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John Van Duis
Confessions of An Aircraft Scrapper
After WWII, hundreds of abandoned aircraft were left all over the Pacific. In the late 1940's scrap operations melted this debris down for profit. The memories of war were fresh and in most cases, there was no interest in the aircraft as historical relics. He shares his memories about scrapping in post war New Guinea.

IN MEMORY - Van Duis passed away March 17, 2002

Tell a little about yourself
My father was a civil servant in the former Dutch East Indies. He spoke Indonesian, Dutch and German. I am a product of my father's second wife, an English woman who was tutor to an aristocratic Indonesian family. My father's first wife, a Dutch lady, died in a car crash two years before I was born.

What brought you to PNG after WWII?
My family barely escaped Japanese imprisonment. My mother had several friends forced into prostitution under the Japanese occupation of Dutch East Indies. She only spoke of this once before her death. She kept diaries of the time leading up to our evacuation to Australia. I started reading them once, when I was a teenager. They were too distressing. I burned them when she died. After the war I needed to sew wild oats. I traveled all over the Pacific, including time as a scrapper in Dobodura and Nadzab. I was too young to serve in the war, 14 years old when Pearl Harbor was bombed.

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What were the airfields like?
There were hundreds of airframes at Nadzab, less at Dobodura. I never thought about it then, it was a job. I was paid well, in Australian Pounds most of which I saved in a Commonwealth bank account in Sydney, Australia. Nadzab was green kunai grass - miles and miles of it. Dobodura was hotter . . . and more humid. More trees at Dobodura - and more snakes.

What discoveries were interesting?
Little Chief Cockeye was the most memorable aircraft I saw - the noseart was amazing. i have since found out that it was a copy of some middle-ages art piece - don't know which. I remember thinking - with this art, this aircraft meant something special to someone. It is a piece of history and we should not simply melt it away. Michael Claringbould gave me the history of this aircraft to me only recently. It meant little to me - I did not understand the history at all to be honest. You should look at this through my eyes - I was in New Guinea only for one year. I had no historical sense at the time, and I did not fight in the war. The key issue here is that everyone around me was trying to forget about the war.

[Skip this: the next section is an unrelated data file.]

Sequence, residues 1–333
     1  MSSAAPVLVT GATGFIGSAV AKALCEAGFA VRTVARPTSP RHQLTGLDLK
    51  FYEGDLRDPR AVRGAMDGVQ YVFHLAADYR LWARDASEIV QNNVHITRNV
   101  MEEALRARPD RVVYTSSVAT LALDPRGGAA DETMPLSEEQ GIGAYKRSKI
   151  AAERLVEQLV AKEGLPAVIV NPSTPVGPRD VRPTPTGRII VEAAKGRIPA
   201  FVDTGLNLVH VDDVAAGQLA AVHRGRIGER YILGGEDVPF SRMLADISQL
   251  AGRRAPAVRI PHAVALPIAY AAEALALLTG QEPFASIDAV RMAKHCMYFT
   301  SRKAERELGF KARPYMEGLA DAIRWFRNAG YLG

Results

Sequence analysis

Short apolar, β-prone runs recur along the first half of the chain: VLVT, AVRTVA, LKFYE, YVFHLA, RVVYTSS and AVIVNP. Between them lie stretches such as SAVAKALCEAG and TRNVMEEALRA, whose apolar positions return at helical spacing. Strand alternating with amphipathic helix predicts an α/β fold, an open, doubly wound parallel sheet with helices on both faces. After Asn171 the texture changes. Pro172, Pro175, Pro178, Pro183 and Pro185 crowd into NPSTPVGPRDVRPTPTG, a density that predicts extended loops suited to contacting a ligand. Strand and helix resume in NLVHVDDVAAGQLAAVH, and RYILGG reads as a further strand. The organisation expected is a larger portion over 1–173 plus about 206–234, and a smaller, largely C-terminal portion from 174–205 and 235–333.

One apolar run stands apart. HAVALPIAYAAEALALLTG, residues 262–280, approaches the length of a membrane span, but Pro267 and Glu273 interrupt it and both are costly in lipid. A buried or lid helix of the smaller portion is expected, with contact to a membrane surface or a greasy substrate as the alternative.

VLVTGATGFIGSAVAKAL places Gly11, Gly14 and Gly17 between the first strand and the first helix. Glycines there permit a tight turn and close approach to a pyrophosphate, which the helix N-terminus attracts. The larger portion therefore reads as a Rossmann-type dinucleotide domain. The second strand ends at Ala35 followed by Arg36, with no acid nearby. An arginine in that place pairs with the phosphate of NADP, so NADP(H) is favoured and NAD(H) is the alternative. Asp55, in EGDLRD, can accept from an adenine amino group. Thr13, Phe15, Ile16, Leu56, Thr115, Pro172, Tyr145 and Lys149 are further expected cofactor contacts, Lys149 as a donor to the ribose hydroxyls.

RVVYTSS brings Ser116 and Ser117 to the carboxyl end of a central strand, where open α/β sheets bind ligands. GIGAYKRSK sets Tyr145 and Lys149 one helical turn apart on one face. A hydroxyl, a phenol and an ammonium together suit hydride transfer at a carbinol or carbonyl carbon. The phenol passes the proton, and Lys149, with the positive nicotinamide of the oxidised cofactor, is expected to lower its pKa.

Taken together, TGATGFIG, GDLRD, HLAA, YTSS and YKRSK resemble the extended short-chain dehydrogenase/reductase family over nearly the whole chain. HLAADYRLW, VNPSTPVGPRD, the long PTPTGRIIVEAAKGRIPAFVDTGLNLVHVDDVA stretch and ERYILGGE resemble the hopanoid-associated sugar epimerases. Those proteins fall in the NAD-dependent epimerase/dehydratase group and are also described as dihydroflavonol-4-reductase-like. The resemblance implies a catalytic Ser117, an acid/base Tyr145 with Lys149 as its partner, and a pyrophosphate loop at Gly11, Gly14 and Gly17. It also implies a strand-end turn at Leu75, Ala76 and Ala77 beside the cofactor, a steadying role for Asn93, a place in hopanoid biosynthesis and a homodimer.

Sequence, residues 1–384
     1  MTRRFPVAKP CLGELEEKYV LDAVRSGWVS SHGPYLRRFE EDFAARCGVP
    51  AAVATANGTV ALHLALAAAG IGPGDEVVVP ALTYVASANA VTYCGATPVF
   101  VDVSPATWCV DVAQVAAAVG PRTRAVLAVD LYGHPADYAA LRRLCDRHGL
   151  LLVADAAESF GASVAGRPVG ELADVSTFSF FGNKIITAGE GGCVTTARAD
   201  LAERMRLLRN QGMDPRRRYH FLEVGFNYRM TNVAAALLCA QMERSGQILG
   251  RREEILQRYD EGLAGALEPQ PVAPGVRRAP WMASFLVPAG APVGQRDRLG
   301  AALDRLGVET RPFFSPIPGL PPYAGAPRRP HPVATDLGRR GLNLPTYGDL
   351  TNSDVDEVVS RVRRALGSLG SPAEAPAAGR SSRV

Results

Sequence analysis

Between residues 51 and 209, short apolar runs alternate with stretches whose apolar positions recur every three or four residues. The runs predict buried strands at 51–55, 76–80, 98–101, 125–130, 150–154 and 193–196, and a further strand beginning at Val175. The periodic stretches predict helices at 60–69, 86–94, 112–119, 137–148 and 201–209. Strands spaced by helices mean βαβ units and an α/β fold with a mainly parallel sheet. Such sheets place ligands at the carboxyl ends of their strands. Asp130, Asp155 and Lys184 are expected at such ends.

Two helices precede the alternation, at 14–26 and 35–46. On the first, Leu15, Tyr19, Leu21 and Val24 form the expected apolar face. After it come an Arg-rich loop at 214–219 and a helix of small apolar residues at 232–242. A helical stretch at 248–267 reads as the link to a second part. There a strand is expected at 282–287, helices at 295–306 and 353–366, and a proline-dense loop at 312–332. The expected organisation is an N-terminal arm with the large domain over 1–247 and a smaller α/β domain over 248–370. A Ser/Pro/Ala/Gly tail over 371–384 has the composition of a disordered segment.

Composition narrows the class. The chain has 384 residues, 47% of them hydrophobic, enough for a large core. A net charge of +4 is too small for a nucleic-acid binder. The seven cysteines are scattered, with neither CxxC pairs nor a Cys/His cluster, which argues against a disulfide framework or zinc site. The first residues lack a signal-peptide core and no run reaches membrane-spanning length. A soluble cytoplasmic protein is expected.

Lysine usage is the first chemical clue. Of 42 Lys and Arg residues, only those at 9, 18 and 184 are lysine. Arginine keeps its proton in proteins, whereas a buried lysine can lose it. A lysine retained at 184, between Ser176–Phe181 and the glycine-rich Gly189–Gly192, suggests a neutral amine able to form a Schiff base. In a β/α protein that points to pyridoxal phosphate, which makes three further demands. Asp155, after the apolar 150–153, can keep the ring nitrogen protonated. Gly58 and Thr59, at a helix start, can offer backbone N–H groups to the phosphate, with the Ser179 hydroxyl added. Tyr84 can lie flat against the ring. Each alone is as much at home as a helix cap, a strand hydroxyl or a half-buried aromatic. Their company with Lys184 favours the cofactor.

What wa scrapping work like?
I don't recall the 'value' of the scrap. i was paid a weekly wage by my boss - an Australian who had fought in the Ramu Valley in 1943 (or so he claimed). When he got drunk he would get emotional about the war. We would just say, "that's Bill". Bill Riley would never mention the war except when he was drunk. He hated the Japs, something about what they did to a friend of his. We never got the full story from him. The aircraft were cut up and fed into a smelter. Natives helped us. It was a hot, dirty and thankless job. But it paid well. I saved a bucket of money in 1949. I never found live ordnance. One day i was pulling off a tailplane after unbolting it. A giant spider leapt out onto my shirt. I think the whole valley heard the scream. My reflex action caused me to bump my arm against the tailplane. Nearly broke it.

Did you locate any buried Gear?
No, this type of story was never around in my time. These types of stories seem to have originated only in the past ten years - dreamers perhaps? What you must remember is that there was no reason to bury this material.

Speak about your life after PNG
I became a fitter and turner after the war. I had trouble getting an apprenticeship in Australia at the time - I was considered too old at 25, but I think they took pity on my Dutch history.

Parts from B-25D "Little Chief Cockeye"
I kept the parts in several boxes and thought nothing of them. I am not getting younger. When I saw Aerothentic website, and I explained what I had. I hope the parts get to the right families. I collected these bits as I though someone, some day, somewhere, would be interested. I lead a quiet life now. My wife died eleven years ago. Thank you for the interview.

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